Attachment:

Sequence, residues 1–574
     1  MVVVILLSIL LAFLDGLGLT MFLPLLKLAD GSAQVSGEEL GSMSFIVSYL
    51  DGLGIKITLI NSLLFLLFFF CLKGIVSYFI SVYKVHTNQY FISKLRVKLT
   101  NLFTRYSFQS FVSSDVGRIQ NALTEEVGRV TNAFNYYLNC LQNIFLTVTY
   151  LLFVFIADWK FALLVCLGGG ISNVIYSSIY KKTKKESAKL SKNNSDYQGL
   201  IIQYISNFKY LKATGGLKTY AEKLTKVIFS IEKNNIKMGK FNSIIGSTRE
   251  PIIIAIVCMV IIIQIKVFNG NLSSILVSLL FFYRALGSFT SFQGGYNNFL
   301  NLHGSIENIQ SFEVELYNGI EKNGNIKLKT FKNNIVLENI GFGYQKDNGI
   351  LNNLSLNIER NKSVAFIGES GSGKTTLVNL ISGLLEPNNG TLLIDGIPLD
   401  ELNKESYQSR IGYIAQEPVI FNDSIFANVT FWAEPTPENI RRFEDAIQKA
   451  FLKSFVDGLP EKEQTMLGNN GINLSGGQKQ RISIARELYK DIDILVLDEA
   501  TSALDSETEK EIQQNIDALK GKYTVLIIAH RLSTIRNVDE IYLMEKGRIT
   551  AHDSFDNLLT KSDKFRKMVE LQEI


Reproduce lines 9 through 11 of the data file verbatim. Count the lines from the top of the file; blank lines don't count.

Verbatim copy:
   351  LNNLSLNIER NKSVAFIGES GSGKTTLVNL ISGLLEPNNG TLLIDGIPLD
   401  ELNKESYQSR IGYIAQEPVI FNDSIFANVT FWAEPTPENI RRFEDAIQKA
   451  FLKSFVDGLP EKEQTMLGNN GINLSGGQKQ RISIARELYK DIDILVLDEA